Under the Umayyad rulers[edit]

al-Sadiq's Imamate extended over the latter half of the Umayyad Caliphate, which was marked by many revolts (mostly by Shiite movements), and eventually the violent overthrow of the Umayyad Caliphate by the Abbasids, decedents of Muhammad's uncle, Abbas. al-Sadiq maintained his predecessors' policy of quietism, and played no part in the numerous rebellions. He stayed out of the uprising of Zaydits who gathered around al-Sadiq's uncle, Zayd, who had the support Mu'tazilites and the traditionalists of Medina and Kufa.[11] Al-Sadiq also did not support the rebellion led by his cousin, Muhammad al-Nafs al-Zakiyya who was inspired by Kaysanites.[11] Al-Sadiq played no part in the Abbassid rebellion against the Umayyads.[4] His response to a message requesting help from Abu Muslim, the Khorasani leader of the uprising against Umayyads, became famous. al-Sadiq asked for a lamp and burned Abu Muslim's letter, saying to the envoy who brought it, "Tell your master what you have seen."[12] In burning Abû Muslim's letter he had also said, "This man is not one of my men, this time is not mine."[14] Al-Sadiq also evaded other requests for assistance to other claims to the throne, without advancing his own claims. He had said that even though he, as the designated imam, was the true leader of the Ummah, he would not press his claim to the caliphate.[9]

Under the Abbasid rulers[edit]

The end of the Umayyad dynasty and beginning of the Abbasid was a period during which central authority was weak, allowing al-Sadiq to teach freely in a school which trained about four thousands students. Among these were Abū Ḥanīfa and Malik ibn Anas, founder of two major Sunnit schools of law, the Hanafiyah and the Malikiyah.[15][16][17] Wasil ibn Ata, founder of Mu`tazila school, was also among his pupils. After the Abbasid revolution had overthrown the Umayyad caliphate, it turned against Shiite groups who had previously been its allies against the Umayyads. The new Abbasid rulers, who had risen to power on the basis of their descent from Muhammad's uncle Abbas ibn ‘Abd al-Muttalib, were suspicious of al-Sadiq, because Shiites had always believed that leadership of the Ummah was a position issued by divine order, and which was given to each imam by the previous imam. In addition, al-Sadiq had a large following, both among scholars and among those who believed him to be the imam.[8] During rule of Al-Mansur, al-Sadiq was summoned to Baghdad along with some other prominent men from Medina in order for the Caliph to keep a close watch on them. al-sadiq, however, asked the Caliph to excuse him from going there by reciting a Hadith which said that "the man who goes away to make a living will achieve his purpose, but he who sticks to his family will prolong his life."[12] al-Mansur reportedly accepted his request. After the defeat and death of his cousin Muhammad al-Nafs al-Zakiyya in 762, however, al-Sadiq thought it advisable to obey al-Mansur's summons. After a short stay in Baghdad, however, he convinced the Caliph that he was not a threat, and was allowed to return to Medina.[4][6]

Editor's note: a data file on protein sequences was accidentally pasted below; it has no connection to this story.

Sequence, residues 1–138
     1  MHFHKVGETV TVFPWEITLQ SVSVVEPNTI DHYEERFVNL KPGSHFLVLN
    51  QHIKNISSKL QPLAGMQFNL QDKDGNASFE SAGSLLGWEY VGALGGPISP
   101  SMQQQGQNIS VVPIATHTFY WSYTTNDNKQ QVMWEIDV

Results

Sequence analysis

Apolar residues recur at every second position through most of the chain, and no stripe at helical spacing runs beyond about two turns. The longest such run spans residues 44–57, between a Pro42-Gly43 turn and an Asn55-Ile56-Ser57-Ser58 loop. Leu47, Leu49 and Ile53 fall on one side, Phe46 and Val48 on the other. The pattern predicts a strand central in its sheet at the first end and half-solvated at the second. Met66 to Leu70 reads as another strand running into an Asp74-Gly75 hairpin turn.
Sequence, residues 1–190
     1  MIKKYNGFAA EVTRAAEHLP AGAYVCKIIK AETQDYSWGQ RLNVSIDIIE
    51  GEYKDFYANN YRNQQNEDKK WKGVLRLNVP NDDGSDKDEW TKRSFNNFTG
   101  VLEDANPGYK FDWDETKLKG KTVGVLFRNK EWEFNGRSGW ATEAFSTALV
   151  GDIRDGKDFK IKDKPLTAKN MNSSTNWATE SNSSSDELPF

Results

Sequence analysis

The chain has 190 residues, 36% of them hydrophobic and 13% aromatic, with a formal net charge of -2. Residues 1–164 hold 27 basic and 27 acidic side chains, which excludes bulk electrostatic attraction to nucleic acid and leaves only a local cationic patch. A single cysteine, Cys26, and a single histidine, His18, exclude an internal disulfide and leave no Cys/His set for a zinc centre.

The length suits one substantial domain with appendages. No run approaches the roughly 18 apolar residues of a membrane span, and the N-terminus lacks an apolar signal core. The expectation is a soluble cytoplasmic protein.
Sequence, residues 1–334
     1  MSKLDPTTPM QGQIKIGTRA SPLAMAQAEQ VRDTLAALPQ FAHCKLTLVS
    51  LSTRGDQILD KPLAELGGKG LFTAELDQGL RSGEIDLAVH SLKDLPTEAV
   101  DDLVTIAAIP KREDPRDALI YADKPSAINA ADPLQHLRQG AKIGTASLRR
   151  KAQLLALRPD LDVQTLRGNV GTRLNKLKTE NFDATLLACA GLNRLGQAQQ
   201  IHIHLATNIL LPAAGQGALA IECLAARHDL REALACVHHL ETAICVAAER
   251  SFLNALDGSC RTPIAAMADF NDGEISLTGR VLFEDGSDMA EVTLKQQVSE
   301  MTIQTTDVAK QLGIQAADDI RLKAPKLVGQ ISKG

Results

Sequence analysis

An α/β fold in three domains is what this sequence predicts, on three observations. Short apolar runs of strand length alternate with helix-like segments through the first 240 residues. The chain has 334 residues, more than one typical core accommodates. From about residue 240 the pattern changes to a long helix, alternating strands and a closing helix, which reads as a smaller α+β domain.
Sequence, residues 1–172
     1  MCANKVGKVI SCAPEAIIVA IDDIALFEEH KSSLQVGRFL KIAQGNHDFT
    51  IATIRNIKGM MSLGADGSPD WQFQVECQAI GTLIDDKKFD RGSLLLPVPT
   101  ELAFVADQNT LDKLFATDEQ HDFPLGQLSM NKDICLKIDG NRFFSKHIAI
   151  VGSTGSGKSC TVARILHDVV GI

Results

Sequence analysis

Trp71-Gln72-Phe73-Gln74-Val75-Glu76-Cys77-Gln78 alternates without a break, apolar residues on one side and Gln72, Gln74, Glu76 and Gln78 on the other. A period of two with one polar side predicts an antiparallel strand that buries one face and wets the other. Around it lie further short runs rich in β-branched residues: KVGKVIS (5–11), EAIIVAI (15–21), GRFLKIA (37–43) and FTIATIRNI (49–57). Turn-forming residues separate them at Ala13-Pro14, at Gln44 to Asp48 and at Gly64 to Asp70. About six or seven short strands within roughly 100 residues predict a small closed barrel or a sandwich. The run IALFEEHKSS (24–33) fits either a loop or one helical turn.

Toward the end of his life, he was subject to some harassment by the Abbasid caliphs. The governor of Medina was instructed by the Caliph to burn down his house, an event which reportedly did al-Sadiq no harm.[b][12] To cut his ties with his followers, al-Sadiq was also watched closely and occasionally imprisoned.[8]

Family life[edit]

al-Sadiq married Fatima Al-Hasan, a descendant of Hasan ibn Ali, with whom he had two sons, Isma'il ibn Jafar (the Ismaili sixth Imām) and Abdullah al-Aftah. Following his wife's death, al-Sadiq purchased a Berbery or Andalusian slave named Hamidah Khātūn (Arabic: حميدة خاتون‎), freed her, trained her as an Islamic scholar, and then married her. She bore him two more sons; Musa al-Kadhim (the seventh Twelver imam), and Muhammad al-Dibaj. She was revered by the Shiites, especially by women, for her wisdom. She was known as Hamidah the Pure. Ja'far al-Sadiq used to send women to learn the tenets of Islam from her, said that "Hamidah is pure from every impurity like the ingot of pure gold."[18]

Death[edit]

The historical tomb of Al-Baqi' was destroyed in 1926. Ja'far al-Sadiq was one of four shia imams buried here.